3 Responses
214864 tn?1229718839
My GI doctor JUST called and said that he did not think that I should have the gallbladder surgery, even though my HIDA scan showed my GB ejection fraction to be only 10%. This is the "gold standard" for determining the function or lack of, the GB.

He said, believe it or not, that I should not have to stop Plavix for that long; that my symptoms were not typical of GB disease, and that he has seen low EF's and no disease, high ef's and much GB disease. He also mentioned my total heart disease and the impact of surgery and anesthesia on it.

Yes the GB is like the heart in that it has an EF :)

I caught a really bad hospital borne bacteria, known as Clostridium difficile, that is really resistant to antibiotics. Sick people, elderly people, and people who take PPIs like Nexium are really susceptible to this bacteria which can cause death if not treated. PPIs decrease the acidity in the stomach which normally kills this type of bad bacteria.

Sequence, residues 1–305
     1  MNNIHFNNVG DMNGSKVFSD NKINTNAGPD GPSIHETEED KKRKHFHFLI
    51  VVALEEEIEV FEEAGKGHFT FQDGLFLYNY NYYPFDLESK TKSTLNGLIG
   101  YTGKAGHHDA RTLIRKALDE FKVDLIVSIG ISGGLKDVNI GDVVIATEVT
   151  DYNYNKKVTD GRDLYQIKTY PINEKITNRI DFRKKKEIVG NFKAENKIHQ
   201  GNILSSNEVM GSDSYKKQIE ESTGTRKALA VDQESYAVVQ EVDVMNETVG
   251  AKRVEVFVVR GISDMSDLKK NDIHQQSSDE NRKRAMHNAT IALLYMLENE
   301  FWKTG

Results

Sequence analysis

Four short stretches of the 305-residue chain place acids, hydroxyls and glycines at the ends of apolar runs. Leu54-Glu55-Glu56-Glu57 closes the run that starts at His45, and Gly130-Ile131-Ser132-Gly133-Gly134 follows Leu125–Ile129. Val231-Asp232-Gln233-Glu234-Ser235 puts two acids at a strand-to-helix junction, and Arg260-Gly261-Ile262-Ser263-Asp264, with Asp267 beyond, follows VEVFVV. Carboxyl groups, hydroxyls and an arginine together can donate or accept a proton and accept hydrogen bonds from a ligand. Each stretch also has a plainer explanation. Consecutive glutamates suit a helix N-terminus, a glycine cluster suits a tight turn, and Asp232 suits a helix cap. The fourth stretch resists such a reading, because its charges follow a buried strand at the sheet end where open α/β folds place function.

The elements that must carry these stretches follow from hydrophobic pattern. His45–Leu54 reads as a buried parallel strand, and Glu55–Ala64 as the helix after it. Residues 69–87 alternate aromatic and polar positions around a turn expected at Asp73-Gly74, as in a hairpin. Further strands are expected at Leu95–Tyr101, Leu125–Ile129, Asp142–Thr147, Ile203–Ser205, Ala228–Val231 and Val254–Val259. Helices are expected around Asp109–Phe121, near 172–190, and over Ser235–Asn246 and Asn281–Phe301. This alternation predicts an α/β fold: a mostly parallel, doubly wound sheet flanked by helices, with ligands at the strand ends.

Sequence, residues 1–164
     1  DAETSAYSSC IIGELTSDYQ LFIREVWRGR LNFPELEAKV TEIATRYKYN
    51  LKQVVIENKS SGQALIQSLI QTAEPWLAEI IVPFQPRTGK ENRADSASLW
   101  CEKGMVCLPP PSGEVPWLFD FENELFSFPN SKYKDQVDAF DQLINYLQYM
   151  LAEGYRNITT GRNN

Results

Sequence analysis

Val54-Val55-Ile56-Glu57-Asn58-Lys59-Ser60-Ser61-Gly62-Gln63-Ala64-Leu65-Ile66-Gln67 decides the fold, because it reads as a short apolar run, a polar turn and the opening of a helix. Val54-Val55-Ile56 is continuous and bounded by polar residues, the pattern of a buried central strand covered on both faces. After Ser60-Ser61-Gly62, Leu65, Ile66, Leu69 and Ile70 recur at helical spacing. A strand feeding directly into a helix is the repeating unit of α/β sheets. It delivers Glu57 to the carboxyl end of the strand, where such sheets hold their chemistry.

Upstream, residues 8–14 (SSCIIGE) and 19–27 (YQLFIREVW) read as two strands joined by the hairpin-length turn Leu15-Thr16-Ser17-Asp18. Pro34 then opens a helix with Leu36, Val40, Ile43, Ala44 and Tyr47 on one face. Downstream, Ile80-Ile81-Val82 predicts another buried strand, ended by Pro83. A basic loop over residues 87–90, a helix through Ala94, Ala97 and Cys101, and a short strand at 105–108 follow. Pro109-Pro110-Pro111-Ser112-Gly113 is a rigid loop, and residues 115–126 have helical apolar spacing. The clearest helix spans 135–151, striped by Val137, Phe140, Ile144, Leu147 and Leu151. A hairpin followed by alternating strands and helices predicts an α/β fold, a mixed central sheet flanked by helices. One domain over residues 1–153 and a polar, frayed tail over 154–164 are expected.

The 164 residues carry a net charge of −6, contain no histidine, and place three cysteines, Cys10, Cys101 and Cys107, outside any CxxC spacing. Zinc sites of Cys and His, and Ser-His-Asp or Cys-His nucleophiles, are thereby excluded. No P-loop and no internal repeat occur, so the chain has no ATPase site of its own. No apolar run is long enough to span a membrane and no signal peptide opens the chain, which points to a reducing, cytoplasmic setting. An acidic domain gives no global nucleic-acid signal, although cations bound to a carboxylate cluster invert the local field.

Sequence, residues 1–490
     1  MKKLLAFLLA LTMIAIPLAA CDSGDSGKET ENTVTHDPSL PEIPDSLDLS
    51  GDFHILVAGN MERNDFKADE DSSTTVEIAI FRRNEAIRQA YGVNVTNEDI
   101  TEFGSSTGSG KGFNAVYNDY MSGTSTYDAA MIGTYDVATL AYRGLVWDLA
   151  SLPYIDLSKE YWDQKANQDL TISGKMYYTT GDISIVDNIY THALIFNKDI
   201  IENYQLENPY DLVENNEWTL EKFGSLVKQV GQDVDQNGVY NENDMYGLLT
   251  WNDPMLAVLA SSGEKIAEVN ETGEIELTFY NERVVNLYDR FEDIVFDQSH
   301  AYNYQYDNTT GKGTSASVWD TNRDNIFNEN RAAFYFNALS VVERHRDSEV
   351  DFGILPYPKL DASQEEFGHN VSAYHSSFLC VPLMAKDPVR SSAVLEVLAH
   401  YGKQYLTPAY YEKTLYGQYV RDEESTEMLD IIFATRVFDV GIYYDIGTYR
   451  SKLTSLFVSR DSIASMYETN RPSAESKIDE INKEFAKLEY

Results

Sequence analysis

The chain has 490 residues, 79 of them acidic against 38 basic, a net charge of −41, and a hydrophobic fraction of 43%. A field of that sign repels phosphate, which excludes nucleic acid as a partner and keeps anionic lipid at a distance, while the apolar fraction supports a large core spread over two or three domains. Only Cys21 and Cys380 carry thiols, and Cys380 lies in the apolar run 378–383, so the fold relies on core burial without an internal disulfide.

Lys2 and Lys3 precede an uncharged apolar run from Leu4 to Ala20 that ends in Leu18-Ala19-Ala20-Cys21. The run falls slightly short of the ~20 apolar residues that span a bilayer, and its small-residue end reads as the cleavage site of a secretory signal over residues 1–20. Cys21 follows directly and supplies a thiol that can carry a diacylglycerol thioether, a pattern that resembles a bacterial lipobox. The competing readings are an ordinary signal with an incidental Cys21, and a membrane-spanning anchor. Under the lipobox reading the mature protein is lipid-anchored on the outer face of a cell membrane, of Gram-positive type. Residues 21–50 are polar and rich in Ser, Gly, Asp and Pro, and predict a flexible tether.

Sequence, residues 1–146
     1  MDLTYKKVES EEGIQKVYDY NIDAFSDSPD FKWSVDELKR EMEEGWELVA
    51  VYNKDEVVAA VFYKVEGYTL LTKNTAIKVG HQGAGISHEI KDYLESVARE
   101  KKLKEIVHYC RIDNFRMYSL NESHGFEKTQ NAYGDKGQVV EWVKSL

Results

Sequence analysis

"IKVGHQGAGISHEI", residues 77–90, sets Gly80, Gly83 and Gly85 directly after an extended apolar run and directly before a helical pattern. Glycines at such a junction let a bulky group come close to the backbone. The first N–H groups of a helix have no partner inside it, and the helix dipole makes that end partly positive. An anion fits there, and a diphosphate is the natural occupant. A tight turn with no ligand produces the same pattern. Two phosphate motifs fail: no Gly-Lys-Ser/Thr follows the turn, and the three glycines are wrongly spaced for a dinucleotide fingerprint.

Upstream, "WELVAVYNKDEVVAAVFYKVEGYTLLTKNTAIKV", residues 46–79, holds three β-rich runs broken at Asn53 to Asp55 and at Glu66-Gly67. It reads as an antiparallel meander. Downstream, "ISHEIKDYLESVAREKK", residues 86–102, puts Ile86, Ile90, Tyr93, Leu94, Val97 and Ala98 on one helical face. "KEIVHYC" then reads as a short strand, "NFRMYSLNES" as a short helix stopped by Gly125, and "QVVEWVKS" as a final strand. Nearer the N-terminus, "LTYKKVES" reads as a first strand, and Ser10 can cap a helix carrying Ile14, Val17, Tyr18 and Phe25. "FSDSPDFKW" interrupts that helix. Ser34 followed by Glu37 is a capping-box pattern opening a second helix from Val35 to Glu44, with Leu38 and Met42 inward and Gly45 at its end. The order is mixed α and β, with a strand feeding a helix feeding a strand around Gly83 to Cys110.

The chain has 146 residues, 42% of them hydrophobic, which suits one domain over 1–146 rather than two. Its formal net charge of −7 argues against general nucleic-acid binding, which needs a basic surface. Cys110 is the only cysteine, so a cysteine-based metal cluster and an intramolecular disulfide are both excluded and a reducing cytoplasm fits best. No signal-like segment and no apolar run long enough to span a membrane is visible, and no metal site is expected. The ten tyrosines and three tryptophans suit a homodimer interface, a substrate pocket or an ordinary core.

C. Diff. is treated with the antibiotic Flagyl (metronidazole). I am getting much better.

Geeze, I am the happiest guy in the world right now. I feel a huge weight lifted from my shoulders.......

Sorry about this off topic writing, but I had to finish or share the rest of my story with you. :)

My best to all,

159619 tn?1538184537
Hey Jack!

I can't respond to much, but I had a HIDA score of 10% as well and had the keyhole surgery in May of 2007, piece of cake. I was in the pre-op room at 9:00 AM and back on the couch at home by 10:30 AM. With a HIDA score of 10%, you must be in pain, I know the feeling.

Sounds like the risk may out weight the benefit for you, hope it works out OK.

Nice to talk to you again!

214864 tn?1229718839
Thanks so much for the well wishes Jon. It is nice to talk to you again also. I don't get around much these days :) But it is always really nice to hear from you. I hope that you are doing fine and had lot's of genuinely nice holiday experiences :)

I'm also glad to hear that your GB surgery went so smooth. It makes me feel better :)

Take good care of Jon,